Christopher Clark: Cambridge Historian Says Prussia Gets a Bad Rap





Christopher Clark's "The Iron Kingdom" is a 750+ page opus about a state that no longer exists. But, that didn't stop the German translation from cracking the 2007 bestseller lists. He talked about Prussia's appeal.

DW-WORLD.DE: Are you surprised that an academic book on Prussia could make the German bestseller lists?

Christopher Clark: I certainly didn't expect success on that level. I think it's a case of timing. The fall of the Berlin Wall and German re-unification have triggered a process of re-imagining the German past in general and Prussia in particular. So much of what was left of the old Prussian state was in former Communist East Germany, so it was kind of locked away. With the re-unification of Germany, it all became visible and got reconnected to the larger German national entity. That and the opening up of archives of the former East Germany prompted a rethink.

DW-WORLD.DE: Let's try to sum up your thesis. Prussia was a relatively enlightened, progressive state that inadvertently destroyed itself when it enlisted the force of German nationalism. Is that close?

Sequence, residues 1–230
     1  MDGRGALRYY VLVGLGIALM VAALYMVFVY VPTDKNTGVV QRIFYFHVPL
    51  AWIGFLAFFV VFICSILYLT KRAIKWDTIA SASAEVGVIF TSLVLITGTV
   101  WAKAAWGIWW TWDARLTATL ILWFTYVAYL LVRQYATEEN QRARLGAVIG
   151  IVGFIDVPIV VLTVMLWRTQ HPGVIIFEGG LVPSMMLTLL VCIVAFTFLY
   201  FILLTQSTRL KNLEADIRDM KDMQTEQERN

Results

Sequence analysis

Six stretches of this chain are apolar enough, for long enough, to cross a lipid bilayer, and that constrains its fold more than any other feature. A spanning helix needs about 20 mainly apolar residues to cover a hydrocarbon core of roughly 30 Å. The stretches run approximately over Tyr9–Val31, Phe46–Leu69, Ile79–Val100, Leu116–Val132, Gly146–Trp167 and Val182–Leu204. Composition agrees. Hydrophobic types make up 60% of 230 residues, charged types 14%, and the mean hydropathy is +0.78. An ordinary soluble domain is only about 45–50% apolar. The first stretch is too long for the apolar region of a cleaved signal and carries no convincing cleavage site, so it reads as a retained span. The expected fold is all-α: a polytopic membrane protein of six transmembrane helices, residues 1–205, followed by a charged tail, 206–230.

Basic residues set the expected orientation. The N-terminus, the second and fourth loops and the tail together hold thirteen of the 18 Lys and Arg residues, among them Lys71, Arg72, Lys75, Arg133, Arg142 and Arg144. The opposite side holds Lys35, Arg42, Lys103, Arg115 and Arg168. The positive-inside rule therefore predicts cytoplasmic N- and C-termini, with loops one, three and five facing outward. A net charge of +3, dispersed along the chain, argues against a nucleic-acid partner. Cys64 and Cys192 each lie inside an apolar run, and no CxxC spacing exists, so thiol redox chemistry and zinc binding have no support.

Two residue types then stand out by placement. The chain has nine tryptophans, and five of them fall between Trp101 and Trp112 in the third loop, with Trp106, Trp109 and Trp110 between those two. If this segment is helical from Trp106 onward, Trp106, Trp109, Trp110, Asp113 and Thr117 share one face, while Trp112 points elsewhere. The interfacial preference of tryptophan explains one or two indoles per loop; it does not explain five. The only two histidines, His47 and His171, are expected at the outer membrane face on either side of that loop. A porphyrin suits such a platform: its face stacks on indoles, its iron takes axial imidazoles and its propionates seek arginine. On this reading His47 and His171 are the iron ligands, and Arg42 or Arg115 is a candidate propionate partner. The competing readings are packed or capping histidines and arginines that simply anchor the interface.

Christopher Clark: That's exactly it. Nationalism was Prussia's downfall. In older historical literature, nationalism was seen as the culmination of Prussian history. Prussia's task in history had been to create the German nation. Just as we today tend to see the rise of the Third Reich in 1933 as the end of an era and explain how Germany got to that point, previous generations tried to explain how German history had got to 1871 and the creation of the German Empire. And the answer was that Prussia was the steering, shaping and sometimes manipulative power that would bring the German nation into existence. The emergence of the German nation is the thing that gives meaning to the whole history of Prussia.

That, in my view, is completely and utterly wrong. Throughout its history Prussia had been the most un-national state you can imagine, partly because it contained such large numbers of non-Germans, but also because the whole idea of its existence was that of the sovereign, monarchical state, interwoven with the idea of the sovereignty of law.

These were ideas that had nothing to do with the uprising of a national movement. Prussia responded very hostilely to early German nationalism because the Hohenzollern rulers rightly recognized that it would act like a kind of corrosive acid eating away at everything the Prussian state stood for.

It was only during the unstable period of the 1850s, 60s and 70s that Prussian statesmen, particularly Prussian Prime Minister and German Chancellor Otto von Bismarck, began to imagine that they could tame nationalism. But that was something they failed to do....



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